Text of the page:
“At the time of applying for my Master’s degree, I was very interested in language acquisition. Two renowned professors in the field were at Western, Dr. Bruhn de Garavito and Dr. Perpiñán, and I thought this university would be a great opportunity.”
Supervisor: Dr. Silvia Perpiñán
Where did you complete your undergraduate degree?
I did my BA in English Philology at Universitat Autònoma de Barcelona, Spain. I completed my specialization in Linguistics at University of California, Los Angeles.
Describe your research in 100 words or less.
For my thesis I am currently working on bilingual language acquisition, specifically of Catalan and Spanish. I am investigating how a certain linguistic structure that exists in Catalan (but not in Spanish) is acquired by three different groups of children: Catalan dominant, Spanish dominant, and balanced bilinguals. At the same time, I am researching whether the divergent acquisition of this structure by the three groups may lead to language change.
What is it about your grad program that enables you to thrive and be successful?
One quality that I really love of Hispanic Studies is how multidisciplinary it is. Because of this, we can work on a wide range of topics and on projects that intersect with other fields, such as Psychology, Anthropology, or Computer Science. I think this is very beneficial for us as students because we are not becoming experts in just one very specific thing, but very competent in different areas.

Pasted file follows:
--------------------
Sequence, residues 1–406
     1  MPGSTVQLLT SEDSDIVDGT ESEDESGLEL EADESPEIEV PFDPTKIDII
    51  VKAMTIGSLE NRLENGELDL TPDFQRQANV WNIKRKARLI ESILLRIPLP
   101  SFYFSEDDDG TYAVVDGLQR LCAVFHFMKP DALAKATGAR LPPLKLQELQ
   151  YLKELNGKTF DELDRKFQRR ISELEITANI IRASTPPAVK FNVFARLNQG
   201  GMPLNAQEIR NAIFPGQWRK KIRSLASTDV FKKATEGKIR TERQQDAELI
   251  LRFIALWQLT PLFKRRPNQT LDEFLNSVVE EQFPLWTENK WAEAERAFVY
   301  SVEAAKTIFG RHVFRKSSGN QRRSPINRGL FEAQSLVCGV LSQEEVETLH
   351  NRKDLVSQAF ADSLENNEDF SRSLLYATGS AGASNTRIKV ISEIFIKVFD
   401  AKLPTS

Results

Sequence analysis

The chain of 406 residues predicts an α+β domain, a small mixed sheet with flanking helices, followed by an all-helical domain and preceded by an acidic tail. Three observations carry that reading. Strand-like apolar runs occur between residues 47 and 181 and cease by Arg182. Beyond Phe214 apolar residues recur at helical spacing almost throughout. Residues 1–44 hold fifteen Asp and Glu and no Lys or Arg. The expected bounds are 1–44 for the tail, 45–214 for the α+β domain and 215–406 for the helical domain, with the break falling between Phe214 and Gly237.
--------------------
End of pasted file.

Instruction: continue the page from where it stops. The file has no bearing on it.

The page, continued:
What is your “dream” career?
An intellectually challenging career that would allow me to work on different things at the same time would be ideal.
What’s the best advice you could give to someone considering applying to your graduate program?
Some graduate students know what they want to work on starting on day one, which is great, but I would still encourage them to explore different areas of Linguistics.
What idea, suggestion, or comment would you like to share with the Western graduate community?
As an international student, one of the aspects I admire the most of the Western University (or perhaps Canadian) culture is how willing everyone is to help you out. My suggestion, then, is to ask for help/clarification/advice as often as it is necessary.
Where is “home” for you?
Barcelona, Spain, although I must admit that when I arrive to London after a trip, it does feel like home, too.
What one thing would you like people to know about you?
The more snow, the better; you won’t hear me complain in the winter.